Morà Busoli won this year's Silmo d'Or in the “Optical Frames: Eyewear Designer” category for its new Venti frames, made of marble and carbon. The Italian company had first shown its line at the Mido show in Milan last year, a few months before another Italian company in the same area near Modena, Budri, came out with a line of marble eyewear. Budri claims it developed the first prototypes earlier, in 2014, but it is no longer targeting opticians because of the high mark-up involved.

Morà is an acronym for “Marmo Ossimorico Resistente Alleggerito,” or lightweight durable oxymoronic marble. The oxymoron here is that the material in question, marble, is both durable and lightweight, yet thin marble is normally both fragile and heavy. Busoli is the name of the family that co-owns BBG, a company specialized in applied precision engineering in various fields. Paola Busoli was previously working for Budri on its eyewear project but left the company at the end of 2016 to pursue her project with her family.

BBG uses a slightly different process than Budri. It makes use of sophisticated machines to cut a slab of marble into thin sheets that are subsequently glued to a carbon base in order to give strength and durability to the frame. After 193 motions, the marble is reduced to sheets with a thickness of between 0.8 and 2 millimeters to give them a weight comparable to that of an acetate frame.

Budri continues to use only marble in its eyewear line, which is about 20 percent more expensive than BBG's line. Some items are decorated with precious stones. The company claims that its all-marble pieces are just as solid as BBG's, as they undergo stress tests regularly.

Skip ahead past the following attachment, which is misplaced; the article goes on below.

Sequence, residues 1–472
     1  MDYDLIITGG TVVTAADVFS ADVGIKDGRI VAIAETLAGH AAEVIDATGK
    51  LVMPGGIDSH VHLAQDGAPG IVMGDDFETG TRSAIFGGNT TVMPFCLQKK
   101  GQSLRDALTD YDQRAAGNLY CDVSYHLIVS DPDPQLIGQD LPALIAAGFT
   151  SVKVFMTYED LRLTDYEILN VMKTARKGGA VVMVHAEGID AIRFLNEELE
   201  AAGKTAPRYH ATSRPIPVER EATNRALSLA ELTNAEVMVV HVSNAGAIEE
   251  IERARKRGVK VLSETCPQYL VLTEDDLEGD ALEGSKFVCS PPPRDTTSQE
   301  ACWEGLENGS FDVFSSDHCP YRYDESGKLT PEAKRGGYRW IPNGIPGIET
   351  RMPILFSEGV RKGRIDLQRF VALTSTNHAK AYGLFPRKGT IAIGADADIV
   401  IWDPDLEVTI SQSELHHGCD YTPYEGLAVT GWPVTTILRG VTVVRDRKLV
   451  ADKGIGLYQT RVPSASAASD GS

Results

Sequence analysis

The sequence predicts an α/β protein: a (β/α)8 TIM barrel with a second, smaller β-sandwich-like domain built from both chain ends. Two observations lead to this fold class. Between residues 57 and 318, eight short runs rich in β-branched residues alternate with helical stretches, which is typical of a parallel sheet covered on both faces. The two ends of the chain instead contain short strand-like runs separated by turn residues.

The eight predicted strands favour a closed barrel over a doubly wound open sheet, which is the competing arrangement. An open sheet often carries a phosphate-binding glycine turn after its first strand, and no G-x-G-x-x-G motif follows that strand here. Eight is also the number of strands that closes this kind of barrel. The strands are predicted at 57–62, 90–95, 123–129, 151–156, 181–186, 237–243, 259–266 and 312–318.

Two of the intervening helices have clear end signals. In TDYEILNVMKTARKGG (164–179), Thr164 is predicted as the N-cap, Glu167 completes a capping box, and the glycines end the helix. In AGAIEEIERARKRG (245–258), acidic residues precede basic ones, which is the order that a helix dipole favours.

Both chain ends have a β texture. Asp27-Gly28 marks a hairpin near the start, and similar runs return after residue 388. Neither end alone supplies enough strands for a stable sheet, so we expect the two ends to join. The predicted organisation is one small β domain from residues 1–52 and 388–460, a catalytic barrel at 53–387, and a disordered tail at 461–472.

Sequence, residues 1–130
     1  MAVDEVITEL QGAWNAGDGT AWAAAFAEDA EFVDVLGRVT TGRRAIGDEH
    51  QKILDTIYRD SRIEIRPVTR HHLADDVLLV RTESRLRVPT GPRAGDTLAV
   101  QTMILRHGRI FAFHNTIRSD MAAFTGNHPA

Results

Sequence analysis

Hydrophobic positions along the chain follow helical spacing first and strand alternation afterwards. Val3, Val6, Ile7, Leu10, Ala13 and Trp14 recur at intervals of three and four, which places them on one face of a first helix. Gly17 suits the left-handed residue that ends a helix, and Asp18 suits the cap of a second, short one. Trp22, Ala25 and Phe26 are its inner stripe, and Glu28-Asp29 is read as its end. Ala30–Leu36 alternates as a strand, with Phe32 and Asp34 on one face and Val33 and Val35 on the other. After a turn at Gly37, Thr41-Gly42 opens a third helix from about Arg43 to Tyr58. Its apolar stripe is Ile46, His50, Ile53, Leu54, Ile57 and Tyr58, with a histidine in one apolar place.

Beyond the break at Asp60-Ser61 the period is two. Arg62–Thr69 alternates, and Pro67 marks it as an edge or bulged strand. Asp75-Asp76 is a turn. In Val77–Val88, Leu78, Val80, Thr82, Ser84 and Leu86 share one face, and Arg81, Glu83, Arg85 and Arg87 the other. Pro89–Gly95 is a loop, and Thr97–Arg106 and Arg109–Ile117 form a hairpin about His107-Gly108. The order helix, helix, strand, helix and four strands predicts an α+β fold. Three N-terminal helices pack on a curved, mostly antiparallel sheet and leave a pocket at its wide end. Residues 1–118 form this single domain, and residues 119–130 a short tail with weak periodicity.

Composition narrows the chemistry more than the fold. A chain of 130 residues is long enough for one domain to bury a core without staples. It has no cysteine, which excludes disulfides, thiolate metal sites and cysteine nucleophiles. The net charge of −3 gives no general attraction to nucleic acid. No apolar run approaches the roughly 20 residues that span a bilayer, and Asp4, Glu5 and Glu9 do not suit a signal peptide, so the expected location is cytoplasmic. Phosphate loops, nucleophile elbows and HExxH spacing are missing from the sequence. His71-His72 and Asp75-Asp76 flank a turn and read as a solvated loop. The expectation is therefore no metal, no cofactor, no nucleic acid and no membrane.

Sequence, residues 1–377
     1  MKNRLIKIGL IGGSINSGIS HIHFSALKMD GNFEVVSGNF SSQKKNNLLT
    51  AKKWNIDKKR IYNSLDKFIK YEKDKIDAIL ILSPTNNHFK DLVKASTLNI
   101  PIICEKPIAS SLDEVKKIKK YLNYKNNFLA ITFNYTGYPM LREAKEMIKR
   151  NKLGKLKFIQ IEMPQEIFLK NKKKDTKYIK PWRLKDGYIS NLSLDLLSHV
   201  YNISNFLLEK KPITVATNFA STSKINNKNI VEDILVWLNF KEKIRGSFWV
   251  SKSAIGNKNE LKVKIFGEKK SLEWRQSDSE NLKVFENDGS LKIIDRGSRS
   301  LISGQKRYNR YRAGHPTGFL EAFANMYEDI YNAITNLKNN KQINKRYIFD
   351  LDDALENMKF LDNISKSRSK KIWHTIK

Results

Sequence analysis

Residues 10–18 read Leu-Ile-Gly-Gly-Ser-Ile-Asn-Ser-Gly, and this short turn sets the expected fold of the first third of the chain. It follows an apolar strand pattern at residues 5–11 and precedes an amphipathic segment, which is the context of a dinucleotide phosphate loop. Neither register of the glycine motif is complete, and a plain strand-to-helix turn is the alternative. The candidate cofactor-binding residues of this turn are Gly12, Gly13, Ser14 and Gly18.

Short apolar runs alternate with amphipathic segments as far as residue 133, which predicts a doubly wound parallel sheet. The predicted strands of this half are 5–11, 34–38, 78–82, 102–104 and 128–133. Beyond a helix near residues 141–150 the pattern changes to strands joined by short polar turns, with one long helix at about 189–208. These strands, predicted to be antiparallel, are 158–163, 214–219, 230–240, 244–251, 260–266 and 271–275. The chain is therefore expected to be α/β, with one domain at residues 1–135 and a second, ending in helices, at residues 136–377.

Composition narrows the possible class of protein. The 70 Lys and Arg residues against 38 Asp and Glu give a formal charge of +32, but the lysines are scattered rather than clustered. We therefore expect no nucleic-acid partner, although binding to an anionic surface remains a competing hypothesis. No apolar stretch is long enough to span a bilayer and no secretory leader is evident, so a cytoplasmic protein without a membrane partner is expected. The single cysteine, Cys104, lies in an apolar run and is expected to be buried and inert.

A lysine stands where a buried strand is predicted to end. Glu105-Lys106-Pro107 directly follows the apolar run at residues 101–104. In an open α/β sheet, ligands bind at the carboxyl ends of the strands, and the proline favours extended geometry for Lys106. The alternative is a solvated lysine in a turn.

Budri, which is a marble specialist, sold nearly 200 pieces last year, mostly through its own stores in Milan and Verona, through jewelers, at five-star hotels and directly to rich people who order Budri marble for interior decoration.

BBG's eyewear production now accounts for 5 percent of the group's turnover. Since 2016, 300 to 500 marble prescription frames have been sold at a retail price of €2,000 to €3,000 apiece. The price is justified by the uniqueness of each piece, since cut marble always reveals a different grain. Venti frames are sold by opticians in Italy, the Netherlands, Belgium, the U.K., Canada and Singapore.

Budri is working on a new collection for next year that will be presented at a new showroom in Milan during the Design Week in April. It is still using the same designer for its eyewear line, Valerio Cometti.